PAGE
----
The aim, she explains, is a “well curated events programme with music, theatre, performance, dance, film and discussion formats.” The great demand for it was obvious at the old location. Often events had to be relayed to the foyer, because not all interested parties found a seat.

The library: a meeting place

In addition to this, the second central element of the new building is a library, which is not designed solely as storage space for books but could, thanks to a central area with seating arrangements and generous opening hours, become a meeting place for intellectuals long into the evening. There is also a large garden full of old palm trees and a cafeteria. One of the hopes placed in the new building is to “also attract new people.”

The library as a place for discussions. The library as a place for discussions. | Photo: Goethe-Institut Kairo/Roger Anis The work of the institute is supported by its dialogue with local partners, some of whom are rarely able to find opportunities to evolve outside this refuge. At the same time, the work must remain relevant, says Kaschl-Mohni, therefore the problems cannot be overlooked. “The arts still are a bit easier,” she says. The political foundations have already been largely pushed out of the country.

This is another reason why it is important for the institute to be transparent and cooperative with the government. Egypt appreciates cooperation with the Ministry of Education in teacher training and other areas. New programmes from the arts and creative industries could help break through the lack of perspectives that is propelling many young creative Egyptians abroad.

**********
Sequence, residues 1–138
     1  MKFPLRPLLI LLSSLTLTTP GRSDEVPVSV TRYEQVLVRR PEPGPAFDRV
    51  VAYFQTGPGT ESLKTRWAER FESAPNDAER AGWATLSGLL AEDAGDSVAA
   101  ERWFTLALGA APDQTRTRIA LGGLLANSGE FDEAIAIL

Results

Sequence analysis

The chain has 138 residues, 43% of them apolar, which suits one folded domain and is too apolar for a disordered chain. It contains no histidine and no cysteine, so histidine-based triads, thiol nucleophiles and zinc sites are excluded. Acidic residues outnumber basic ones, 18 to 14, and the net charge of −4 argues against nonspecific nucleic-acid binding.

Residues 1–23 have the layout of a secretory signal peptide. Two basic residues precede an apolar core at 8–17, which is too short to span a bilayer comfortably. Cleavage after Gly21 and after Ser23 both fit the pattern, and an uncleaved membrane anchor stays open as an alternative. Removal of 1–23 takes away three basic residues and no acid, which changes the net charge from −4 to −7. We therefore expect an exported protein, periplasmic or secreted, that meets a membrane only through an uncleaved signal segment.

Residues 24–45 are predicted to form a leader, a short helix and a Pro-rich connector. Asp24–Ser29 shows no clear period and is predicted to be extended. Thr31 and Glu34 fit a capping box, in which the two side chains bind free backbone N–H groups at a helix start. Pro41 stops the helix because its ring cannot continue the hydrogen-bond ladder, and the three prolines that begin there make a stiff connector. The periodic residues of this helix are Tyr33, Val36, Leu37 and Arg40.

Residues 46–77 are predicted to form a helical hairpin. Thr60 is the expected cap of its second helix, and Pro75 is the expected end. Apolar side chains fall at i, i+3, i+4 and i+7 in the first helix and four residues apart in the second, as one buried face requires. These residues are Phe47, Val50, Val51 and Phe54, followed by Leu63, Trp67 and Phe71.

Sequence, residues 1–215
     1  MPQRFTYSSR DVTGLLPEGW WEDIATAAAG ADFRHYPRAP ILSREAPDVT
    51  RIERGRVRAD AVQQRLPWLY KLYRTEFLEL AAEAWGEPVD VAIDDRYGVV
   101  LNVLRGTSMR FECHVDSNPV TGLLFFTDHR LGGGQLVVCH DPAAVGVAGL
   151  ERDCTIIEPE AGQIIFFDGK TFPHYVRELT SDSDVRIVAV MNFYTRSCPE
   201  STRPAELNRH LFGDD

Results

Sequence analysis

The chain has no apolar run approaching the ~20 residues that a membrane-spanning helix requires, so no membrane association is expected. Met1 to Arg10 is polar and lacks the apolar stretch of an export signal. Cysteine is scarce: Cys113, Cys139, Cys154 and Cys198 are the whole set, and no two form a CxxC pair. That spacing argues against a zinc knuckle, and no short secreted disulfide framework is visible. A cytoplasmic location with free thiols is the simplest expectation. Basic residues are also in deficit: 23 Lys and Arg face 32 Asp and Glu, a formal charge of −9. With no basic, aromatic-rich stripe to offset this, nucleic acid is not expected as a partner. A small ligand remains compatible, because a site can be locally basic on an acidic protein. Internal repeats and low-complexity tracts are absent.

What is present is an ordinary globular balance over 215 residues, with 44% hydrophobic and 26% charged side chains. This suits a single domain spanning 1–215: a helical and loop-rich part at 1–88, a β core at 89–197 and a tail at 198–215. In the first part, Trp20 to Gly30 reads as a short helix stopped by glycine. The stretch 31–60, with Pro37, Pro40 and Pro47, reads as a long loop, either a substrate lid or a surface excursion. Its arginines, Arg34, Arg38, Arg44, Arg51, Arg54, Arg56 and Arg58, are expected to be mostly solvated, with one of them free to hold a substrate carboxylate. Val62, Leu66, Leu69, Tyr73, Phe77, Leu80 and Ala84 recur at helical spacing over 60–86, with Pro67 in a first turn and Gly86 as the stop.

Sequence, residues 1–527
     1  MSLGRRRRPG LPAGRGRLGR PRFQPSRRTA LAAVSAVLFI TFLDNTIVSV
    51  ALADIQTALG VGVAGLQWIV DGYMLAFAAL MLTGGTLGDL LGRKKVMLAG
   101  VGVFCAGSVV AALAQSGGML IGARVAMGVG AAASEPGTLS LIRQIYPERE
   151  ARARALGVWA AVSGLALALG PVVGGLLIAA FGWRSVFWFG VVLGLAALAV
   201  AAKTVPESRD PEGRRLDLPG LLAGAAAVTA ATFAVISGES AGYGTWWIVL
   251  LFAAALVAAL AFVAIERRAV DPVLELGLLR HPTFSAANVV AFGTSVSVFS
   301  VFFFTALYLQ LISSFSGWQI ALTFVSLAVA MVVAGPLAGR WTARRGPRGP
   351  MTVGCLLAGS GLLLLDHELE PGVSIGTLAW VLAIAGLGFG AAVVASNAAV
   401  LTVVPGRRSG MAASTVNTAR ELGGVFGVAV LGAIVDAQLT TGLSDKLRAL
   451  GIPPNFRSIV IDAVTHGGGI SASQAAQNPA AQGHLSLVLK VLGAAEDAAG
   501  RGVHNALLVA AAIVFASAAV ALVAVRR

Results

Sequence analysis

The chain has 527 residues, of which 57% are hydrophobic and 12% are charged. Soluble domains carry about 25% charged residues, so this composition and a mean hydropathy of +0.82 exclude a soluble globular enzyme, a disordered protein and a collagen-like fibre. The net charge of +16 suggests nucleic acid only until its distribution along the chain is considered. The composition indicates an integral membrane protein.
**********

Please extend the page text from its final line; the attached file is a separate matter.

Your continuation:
“A German institution that knows it is in Cairo”

The architecture, designed by Büro Worschech from Erfurt, also exudes dialogue with the environs and the nation. The new building has become an open, transparent house, inspired by classical modernism. “A German institution that knows that it is in Cairo,” says architect Marcus Johannson. Large windows offer a view into the classrooms and library. Perforated metal beams, reminiscent of mashrabiya, decorative wooden lattices used in Arabic architecture, provide shade. The elevations and flat roofs are re-imports that the Cubists borrowed in Arabia. A listed villa was rebuilt and integrated in the complex.

The Goethe Building was opened with a 36-hour cultural program. The Goethe Building was opened with a 36-hour cultural program. | Photo: Goethe-Institut Kairo/Roger Anis Johannson positioned the building at the edge of the grounds, reminiscent of Arabic courtyards. The goal was to preserve the garden that once belonged to the GDR embassy, a gem in a part of Cairo where the once-prevalent mansions and their gardens had to give way to faceless concrete high-rises. It is separated from the street only by a fence; here, too everything is visible from the outside and open.

The institute will present itself at the opening with 36 hours of cultural programming. Alaa al-Aswany, author of the book The Yacoubian Building, which outlined many grievances that became the driving forces behind the revolution of 2011, talks about what culture can achieve in the context of global crises and social upheaval. There could hardly be a more suitable place for it than the new Goethe-Institut Cairo.



By Paul-Anton Krüger

The article was first published in the Süddeutsche Zeitung. © All rights reserved.